Can Dogs Eat Corn? Is It Safe?

Written by Austin S.
Updated: July 6, 2022
Image Credit iStock.com/Frankenvrij
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Corn is one of the most common summertime foods. It is relatively inexpensive and a common ingredient in many foods.

Food items such as corn, on and off the cob, are usually the summertime staples. And with a lot of varieties available for corn servings, there is a chance that your dog would be jonzing for a taste of the meal as well.

So, the question for most dog owners is— can dogs eat corn? Is it safe to feed my pooch corn? In this article, we will be sharing with you how to safely feed your dog corn, the benefits, and the risk involved.

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Think You Can?

Can Your Dog Eat Corn?

Yes, you can feed your dog corn (off the cob) in small or moderate quantities. Corn is one of the most popular cereal grains you can get for your dog.

Corn contains a reasonable amount of several vitamins and minerals that are beneficial to your dog. Many veterinarians recommend it. Corn can be added as part of a balanced diet in your dog’s meal.

However, it would be best if you only feed your dog corn in moderate quantities. Corn is high in carbs and, if given in excess, can make your dog prone to being overweight.

Also, you should confirm if your canine friend is not allergic to corn before feeding it. 

Benefits of Feeding Your Dog Corn

Corn as part of your dog meal isn’t just a filler. It has nutritional value for your dog. Corn contains the following nutrients:

High in Carbs and Fiber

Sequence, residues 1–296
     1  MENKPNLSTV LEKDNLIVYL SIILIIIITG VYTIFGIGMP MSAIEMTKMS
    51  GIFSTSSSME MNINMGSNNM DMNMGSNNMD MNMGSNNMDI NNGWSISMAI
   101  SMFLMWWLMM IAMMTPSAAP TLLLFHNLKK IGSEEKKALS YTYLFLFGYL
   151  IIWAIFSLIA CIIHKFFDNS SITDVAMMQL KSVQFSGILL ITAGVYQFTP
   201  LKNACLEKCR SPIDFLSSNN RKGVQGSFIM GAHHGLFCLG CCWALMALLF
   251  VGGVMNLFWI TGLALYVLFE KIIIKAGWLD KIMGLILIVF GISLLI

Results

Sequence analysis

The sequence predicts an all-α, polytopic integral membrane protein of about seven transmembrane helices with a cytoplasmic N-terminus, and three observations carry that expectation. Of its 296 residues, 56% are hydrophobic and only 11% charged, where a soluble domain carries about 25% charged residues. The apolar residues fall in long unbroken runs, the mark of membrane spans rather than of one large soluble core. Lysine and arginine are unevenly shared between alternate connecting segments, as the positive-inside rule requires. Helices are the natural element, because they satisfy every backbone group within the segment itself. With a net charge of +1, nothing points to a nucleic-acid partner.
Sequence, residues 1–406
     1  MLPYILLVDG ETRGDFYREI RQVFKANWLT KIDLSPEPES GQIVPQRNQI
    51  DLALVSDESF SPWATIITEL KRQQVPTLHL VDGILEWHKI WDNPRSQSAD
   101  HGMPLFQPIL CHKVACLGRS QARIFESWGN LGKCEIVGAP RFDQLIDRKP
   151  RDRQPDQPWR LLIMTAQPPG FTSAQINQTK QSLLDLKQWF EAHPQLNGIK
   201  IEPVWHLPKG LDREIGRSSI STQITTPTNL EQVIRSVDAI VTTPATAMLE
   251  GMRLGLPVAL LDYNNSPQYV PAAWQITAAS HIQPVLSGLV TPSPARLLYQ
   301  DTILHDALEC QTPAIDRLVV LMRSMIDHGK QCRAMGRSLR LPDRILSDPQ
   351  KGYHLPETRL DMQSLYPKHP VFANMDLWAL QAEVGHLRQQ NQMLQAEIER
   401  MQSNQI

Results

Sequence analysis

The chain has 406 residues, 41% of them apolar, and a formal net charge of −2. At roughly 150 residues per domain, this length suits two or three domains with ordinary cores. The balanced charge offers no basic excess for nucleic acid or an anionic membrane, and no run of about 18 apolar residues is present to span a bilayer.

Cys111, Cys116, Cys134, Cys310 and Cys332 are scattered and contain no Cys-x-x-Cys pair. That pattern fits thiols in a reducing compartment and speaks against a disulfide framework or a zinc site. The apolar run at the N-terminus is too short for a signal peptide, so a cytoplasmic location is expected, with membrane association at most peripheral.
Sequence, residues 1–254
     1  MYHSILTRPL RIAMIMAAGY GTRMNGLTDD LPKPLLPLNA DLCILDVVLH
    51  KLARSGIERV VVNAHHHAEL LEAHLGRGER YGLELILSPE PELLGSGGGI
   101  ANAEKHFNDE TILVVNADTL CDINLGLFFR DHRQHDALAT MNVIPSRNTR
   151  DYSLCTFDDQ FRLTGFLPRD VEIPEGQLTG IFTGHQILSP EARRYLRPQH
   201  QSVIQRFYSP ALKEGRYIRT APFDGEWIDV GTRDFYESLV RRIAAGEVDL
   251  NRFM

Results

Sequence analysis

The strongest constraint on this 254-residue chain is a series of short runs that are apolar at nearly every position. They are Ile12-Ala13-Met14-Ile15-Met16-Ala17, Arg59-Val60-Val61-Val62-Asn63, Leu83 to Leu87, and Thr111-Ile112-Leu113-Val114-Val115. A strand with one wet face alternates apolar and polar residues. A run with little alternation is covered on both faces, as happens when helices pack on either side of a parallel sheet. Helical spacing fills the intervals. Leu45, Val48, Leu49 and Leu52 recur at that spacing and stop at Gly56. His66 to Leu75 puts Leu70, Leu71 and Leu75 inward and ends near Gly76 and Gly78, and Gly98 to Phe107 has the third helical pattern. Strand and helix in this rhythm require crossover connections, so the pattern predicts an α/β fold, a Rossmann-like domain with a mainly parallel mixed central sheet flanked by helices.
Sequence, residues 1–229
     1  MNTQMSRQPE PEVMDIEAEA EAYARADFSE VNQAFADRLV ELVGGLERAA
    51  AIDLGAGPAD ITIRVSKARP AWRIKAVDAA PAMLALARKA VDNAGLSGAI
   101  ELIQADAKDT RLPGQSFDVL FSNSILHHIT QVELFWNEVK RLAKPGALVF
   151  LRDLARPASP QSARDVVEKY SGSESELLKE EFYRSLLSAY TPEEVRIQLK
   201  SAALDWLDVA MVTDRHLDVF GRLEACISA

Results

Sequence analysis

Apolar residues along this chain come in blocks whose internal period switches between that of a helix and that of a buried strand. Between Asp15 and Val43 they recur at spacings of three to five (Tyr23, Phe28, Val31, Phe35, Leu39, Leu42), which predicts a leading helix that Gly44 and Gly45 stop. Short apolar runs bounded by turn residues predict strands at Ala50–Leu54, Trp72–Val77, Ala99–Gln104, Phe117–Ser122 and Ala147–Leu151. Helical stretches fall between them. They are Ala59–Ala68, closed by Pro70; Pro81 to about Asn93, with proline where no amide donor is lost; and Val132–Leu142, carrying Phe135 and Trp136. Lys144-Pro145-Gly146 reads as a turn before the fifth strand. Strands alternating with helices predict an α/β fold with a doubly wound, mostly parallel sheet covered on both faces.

Corn contains a high quantity of carbs which makes energy available for your dogs. It is also high in fibers which aid food digestion and help in weight loss.

However, do not feed your dog excess corn. The high fructose sugar found in corn carbs can cause obesity if present in excess quantities in your dog. Also, fibers aid digestion, but itself isn’t digested rapidly. Feeding your dog excess can predispose it to gastrointestinal upset.

Rich in Vitamins and Minerals

Corn contains a good amount of vitamins and minerals. Corn is rich in vitamin C. Vitamin C is an antioxidant that protects your dog cells from free radicals that can cause inflammation in your dog.

Vitamin A as carotenoids are also present in high amounts, and this is good for your dog’s eyes. It also prevents lens damage. Corn also contains a smaller amount of other vitamins like Vitamin B, E, and K.

Minerals like potassium and magnesium are also present in moderate quantities in corn—these minerals aid proper metabolism and energy production for your dog.

Contains Protein and Amino Acids

Proteins and amino acids are available in moderate quantities in corn. They help in the maintenance of healthy skin, hair, muscle growth, and repair of tissues in your furry friend.

Linoleic Acid